Making Flash demos using Open Source Software

by Justin Clarke

I recently had the need to generate some flash demos to demonstrate the Oedipus Web Scanner in action. Since I don't happen to have one of the commercial Flash demo generators handy at home (I use Viewlet Builder for Linux at work) I decided to see what I could get done with an all Open Source solution.



I quickly found vnc2swf, for recording a VNC session as a Flash movie. There are two versions of vnc2swf, one in C and one in Python - I ended up using both in my case. A cool feature both version have is they generate an HTML file that you can use to display the Flash file you just created. The Python version, which is the one under active development, generates a nice Javascript progress bar and pause button in this page, which I ended up using verbatim for my demo pages.



Since I was recording on Linux I installed TightVNC as my VNC server (you can use any VNC server, such as RealVNC or UltraVNC, or the original VNC if you still use it).



Running vncserver on Linux starts a separate X Windows session that can have it's own programs running. This was perfect for my needs, however if you need access to your entire desktop for some reason you could use x11vnc for this. For the purposes of what I needed, I configured my VNC session to run gnome terminal and metacity so I could get a Gnome-style capture. You do this by configuring your $HOME/.vnc/xstartup file on the server I was using. This is what mine looks like:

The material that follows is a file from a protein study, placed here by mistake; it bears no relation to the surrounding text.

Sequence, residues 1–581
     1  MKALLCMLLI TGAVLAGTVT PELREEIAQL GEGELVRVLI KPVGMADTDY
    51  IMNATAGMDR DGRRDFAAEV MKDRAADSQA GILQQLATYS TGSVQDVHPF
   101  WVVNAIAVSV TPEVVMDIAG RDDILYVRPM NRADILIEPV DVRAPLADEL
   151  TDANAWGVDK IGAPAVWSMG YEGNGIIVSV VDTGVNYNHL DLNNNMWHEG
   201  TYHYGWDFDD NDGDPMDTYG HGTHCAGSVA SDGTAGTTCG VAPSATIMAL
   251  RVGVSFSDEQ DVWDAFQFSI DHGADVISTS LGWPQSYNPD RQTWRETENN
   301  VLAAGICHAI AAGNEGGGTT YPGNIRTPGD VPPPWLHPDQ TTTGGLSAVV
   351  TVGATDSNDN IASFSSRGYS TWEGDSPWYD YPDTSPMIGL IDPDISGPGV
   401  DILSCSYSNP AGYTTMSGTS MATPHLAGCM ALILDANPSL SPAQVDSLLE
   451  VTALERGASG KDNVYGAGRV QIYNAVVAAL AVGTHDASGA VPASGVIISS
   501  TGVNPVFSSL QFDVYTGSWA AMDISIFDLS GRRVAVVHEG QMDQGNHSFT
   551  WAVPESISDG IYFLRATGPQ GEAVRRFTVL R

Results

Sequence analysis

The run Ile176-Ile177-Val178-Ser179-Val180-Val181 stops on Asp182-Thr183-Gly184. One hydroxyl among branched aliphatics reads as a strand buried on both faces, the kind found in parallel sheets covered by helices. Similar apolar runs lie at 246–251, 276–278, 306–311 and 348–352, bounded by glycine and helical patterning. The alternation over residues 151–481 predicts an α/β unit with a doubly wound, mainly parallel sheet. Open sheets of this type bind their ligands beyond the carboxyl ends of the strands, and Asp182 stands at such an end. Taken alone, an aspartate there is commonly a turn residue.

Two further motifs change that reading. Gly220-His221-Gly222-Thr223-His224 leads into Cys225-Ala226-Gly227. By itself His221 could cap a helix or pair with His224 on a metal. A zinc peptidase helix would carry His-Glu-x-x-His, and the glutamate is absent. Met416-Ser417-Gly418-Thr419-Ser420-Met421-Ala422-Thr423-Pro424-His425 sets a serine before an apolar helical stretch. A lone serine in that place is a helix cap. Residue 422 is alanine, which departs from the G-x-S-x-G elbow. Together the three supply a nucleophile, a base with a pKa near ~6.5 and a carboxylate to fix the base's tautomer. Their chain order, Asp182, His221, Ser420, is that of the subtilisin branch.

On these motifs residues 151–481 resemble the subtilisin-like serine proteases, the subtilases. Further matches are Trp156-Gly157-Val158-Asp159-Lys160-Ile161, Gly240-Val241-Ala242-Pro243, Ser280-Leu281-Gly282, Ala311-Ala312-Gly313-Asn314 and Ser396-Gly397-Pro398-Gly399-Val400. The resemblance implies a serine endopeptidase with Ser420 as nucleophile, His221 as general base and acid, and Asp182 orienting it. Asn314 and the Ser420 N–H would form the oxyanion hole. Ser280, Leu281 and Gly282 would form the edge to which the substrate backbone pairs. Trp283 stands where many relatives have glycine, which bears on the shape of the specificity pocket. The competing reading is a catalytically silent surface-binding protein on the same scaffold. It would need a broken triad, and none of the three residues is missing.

#!/bin/sh
xrdb $HOME/.Xresources
xsetroot -solid grey
gnome-terminal &
metacity &


After this is all setup, we point vnc2swf at the vncserver. In my case, the options I used (using the C version of vnc2swf) were similar to this:

vnc2swf -startrecording -geometry 800x600 -depth 16 -framerate 5 \

~/moviename.swf hostname:1.0



After recording a satisfactory demo, I recorded an audio commentary as a 44kbps WAV file, compressed this to a 24kbps MP3 file using LAME, and added this to the original Flash file (and did some compression as well) using edit.py from the Python version of vnc2swf as follows:

edit.py -a audio.mp3 -c -o output.swf original.swf



And we're done! I should note that one of my audio files was a few seconds too long. I used Audacity to "speed up" the file so that it fit the length of the flash movie.



For reference, the demos I recorded are here and here to see what kind of quality I ended up with.



Final Note: A colleague pointed me to Wink after I had completed this. I will be trying this next time I need to do a software demo.